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Actress Watch: Williams' Monroe, Green's Dark Shadows, Winslet the "Only Actress" for Mildred Pierce

Thompson on Hollywood By Sophia Savage | Thompson on Hollywood March 25, 2011 at 1:47AM

- One of Michelle Williams's co-stars in The Weinstein Co.'s My Week With Marilyn, Dougray Scott, tells the Irish Independent that she is "amazing" portraying Monroe. He adds, "I can imagine [Michelle felt pressure] but she was amazing. She's a wonderful actress and lovely girl as well. I had great fun working with her." Simon Curtis directed the film, which is based on the diary of an assistant, Colin Clark, who worked on the set of The Prince And The Showgirl in 1956. Of his own role, that of Monroe's husband, playwright Arthur Miller, Scott says "[he is] such an iconic, interesting, enigmatic character, I had great fun researching and filming that."
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Thompson on Hollywood


- One of Michelle Williams's co-stars in The Weinstein Co.'s My Week With Marilyn, Dougray Scott, tells the Irish Independent that she is "amazing" portraying Monroe. He adds, "I can imagine [Michelle felt pressure] but she was amazing. She's a wonderful actress and lovely girl as well. I had great fun working with her." Simon Curtis directed the film, which is based on the diary of an assistant, Colin Clark, who worked on the set of The Prince And The Showgirl in 1956. Of his own role, that of Monroe's husband, playwright Arthur Miller, Scott says "[he is] such an iconic, interesting, enigmatic character, I had great fun researching and filming that."

- Eva Green talks to BlackBook about her role in Jordan Scott's Cracks, and hints at what attracts her to twisted roles such as Tim Burton's upcoming Dark Shadows. She calls her role in Cracks, Miss G, "such a rich character, and you don’t get that very often. You get a girlfriend role, or that meaty, old-fashioned thing, but they don’t make films like his anymore. You have so many things: She’s so cool, eccentric, strong, and very fragile. I like risks. I like intensity. For me, it’s quite difficult to play a normal girl, I would not be very good. It’s not that it’s boring, I just like when it’s kind of weird or a bit extreme." As for working with a female director for the first time, Green says it was a true collaboration: "Sometimes you have a director and you’re the actor, you’re the puppet, and you’re not allowed to utter a word. Here, she really trusted me and gave me a lot of freedom, and she’s so passionate about the project. It was a gift." Cracks is currently in theaters, trailer below.

- Anticipation is rising for the premiere of Todd Haynes's HBO mini-series Mildred Pierce, airing Sunday and throughout April, starring Kate Winslet, Evan Rachel Wood, Guy Pearce and Melissa Leo. (Here's Caryn James' review.) Winslet told the LAT that she started to watch the Joan Crawford original but decided that she shouldn't. "I knew I had to honor the original book and to be true to the Mildred Pierce in that brilliant novel [written by James M. Cain]…What I was working toward with Todd Haynes was something different [than the original film]." The most notable difference, writes the LAT, is the omission of the murder plot that the 1945 movie was based around. Haynes was drawn to the story for other reasons: "The crises it explores are those of middle class privilege -- issues of pride and status and the struggle first to regain one's standing, and then to persevere through hard work and ingenuity," he says, believing the book "feels very much like the particular struggles of our current economic crisis, coming out of period of unbridled consumption." While reading the novel in 2008, Haynes could not get Winslet "out of my mind." For him, she was the only option for playing the iconic character. The trailer is below.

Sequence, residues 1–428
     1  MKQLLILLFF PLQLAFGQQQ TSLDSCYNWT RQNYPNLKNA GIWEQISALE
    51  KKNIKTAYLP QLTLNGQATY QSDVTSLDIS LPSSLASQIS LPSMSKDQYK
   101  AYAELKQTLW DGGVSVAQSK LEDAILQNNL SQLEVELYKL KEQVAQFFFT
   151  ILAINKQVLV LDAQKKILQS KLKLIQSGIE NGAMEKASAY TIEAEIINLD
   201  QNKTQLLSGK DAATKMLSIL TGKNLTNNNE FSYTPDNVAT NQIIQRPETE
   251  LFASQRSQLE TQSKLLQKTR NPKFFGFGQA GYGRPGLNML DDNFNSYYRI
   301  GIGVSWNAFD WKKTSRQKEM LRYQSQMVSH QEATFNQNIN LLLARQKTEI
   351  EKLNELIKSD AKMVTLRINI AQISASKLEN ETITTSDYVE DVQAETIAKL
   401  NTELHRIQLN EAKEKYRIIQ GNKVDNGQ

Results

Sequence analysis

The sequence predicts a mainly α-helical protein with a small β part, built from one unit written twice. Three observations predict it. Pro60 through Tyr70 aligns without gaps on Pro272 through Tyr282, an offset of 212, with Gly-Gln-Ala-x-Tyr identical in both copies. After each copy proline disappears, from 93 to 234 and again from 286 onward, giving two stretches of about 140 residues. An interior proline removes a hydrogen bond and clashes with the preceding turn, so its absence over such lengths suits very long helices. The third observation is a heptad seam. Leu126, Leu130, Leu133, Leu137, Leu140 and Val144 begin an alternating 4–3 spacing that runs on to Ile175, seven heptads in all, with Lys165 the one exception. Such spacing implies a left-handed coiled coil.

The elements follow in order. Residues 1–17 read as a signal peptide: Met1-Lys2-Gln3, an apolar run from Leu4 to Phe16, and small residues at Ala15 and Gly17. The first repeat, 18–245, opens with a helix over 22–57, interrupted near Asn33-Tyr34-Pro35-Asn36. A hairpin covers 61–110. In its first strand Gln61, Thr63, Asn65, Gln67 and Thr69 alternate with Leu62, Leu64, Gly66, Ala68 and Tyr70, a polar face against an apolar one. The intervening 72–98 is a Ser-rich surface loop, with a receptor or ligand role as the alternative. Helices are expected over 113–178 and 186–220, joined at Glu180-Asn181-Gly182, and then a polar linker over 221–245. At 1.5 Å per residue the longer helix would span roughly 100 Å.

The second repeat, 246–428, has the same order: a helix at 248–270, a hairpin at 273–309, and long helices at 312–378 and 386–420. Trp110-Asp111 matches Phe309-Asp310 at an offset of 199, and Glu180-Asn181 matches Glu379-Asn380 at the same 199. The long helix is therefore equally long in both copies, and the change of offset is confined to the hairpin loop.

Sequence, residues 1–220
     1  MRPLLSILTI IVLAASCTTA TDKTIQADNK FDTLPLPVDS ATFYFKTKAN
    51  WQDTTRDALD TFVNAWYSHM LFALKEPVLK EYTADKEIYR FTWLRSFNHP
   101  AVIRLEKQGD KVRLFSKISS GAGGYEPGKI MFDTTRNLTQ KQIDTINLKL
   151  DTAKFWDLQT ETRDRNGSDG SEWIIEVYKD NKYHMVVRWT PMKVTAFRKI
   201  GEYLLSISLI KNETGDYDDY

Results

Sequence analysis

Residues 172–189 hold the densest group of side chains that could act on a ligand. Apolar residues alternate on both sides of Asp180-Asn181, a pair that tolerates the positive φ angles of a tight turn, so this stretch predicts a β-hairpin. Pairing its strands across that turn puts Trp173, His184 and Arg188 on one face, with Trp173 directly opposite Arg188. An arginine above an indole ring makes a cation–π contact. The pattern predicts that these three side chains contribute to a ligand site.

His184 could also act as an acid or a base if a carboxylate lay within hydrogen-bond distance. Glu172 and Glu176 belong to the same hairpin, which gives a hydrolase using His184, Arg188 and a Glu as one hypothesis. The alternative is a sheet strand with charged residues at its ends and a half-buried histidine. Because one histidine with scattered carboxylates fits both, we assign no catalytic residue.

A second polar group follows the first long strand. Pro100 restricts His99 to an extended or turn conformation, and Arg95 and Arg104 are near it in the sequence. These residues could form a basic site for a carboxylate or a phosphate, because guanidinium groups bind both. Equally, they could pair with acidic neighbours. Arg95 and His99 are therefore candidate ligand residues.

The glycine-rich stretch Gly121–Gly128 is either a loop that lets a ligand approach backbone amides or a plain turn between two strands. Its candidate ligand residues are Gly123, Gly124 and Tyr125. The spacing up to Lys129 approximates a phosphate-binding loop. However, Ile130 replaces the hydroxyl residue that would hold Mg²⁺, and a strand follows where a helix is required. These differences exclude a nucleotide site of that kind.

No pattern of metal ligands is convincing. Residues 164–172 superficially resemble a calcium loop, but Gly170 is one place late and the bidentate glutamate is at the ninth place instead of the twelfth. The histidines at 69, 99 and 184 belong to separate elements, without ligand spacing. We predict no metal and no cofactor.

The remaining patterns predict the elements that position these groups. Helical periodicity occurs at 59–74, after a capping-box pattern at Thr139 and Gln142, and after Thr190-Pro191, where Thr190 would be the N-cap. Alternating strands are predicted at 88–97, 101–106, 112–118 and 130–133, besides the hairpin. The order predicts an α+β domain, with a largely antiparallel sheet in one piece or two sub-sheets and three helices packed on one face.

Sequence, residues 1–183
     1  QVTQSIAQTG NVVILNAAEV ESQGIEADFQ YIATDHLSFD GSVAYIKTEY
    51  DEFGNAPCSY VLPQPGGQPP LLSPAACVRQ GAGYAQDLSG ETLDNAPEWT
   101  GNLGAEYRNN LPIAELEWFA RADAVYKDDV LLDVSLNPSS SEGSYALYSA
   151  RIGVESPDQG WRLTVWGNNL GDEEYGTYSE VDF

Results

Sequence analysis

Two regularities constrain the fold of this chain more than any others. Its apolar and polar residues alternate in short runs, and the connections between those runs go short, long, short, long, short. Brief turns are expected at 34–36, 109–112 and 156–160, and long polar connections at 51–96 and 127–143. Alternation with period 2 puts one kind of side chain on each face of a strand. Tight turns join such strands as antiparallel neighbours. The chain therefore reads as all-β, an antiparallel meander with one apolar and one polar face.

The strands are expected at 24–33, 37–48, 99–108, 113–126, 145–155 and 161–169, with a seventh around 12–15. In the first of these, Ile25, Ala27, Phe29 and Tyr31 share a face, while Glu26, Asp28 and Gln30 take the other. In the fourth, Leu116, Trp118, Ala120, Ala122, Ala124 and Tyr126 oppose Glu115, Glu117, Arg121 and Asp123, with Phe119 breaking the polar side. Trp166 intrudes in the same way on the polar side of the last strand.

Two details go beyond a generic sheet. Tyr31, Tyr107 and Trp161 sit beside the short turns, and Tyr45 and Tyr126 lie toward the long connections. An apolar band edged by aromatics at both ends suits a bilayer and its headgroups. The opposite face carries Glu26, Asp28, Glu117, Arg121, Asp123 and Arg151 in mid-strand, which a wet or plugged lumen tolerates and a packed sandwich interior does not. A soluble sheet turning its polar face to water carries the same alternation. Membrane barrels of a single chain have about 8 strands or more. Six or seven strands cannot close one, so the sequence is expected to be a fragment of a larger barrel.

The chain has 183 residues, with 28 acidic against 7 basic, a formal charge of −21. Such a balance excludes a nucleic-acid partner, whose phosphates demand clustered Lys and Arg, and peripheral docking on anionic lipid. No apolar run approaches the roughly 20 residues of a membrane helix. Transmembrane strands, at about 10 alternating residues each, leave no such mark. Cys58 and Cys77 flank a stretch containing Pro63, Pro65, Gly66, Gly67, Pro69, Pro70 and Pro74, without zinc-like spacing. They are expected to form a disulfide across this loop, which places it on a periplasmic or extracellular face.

This article is related to: Directors, Genres, Headliners, Hollywood, Independents, Daily Read, TV, Media, Remake, Period, Drama, HBO


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Thompson on Hollywood

Born and raised in Manhattan, Anne Thompson grew up going to the Thalia and The New Yorker and wound up at grad Cinema Studies at NYU. She worked at United Artists and Film Comment before heading west as that magazine's west coast editor. She wrote for the LA Weekly, Sight and Sound, Empire, The New York Times and Entertainment Weekly before serving as West Coast Editor of Premiere. She wrote for The Washington Post, The London Observer, Wired, More, and Vanity Fair, and did staff stints at The Hollywood Reporter and Variety. She eventually took her blog Thompson on Hollywood to Indiewire. She taught film criticism at USC Critical Studies, and continues to host the fall semester of “Sneak Previews” for UCLA Extension.